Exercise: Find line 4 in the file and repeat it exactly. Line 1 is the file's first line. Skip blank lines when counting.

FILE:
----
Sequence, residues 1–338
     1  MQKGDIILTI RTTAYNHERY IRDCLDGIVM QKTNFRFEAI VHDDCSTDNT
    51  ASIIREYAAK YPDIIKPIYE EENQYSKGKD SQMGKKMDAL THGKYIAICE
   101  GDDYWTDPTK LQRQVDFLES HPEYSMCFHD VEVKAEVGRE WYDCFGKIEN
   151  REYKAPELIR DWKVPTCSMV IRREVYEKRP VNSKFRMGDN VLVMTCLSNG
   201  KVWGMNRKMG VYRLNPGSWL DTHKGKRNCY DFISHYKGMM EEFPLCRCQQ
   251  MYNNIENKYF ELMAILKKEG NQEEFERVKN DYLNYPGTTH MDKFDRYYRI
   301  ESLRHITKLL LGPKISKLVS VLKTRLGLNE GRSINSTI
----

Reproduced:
   101  GDDYWTDPTK LQRQVDFLES HPEYSMCFHD VEVKAEVGRE WYDCFGKIEN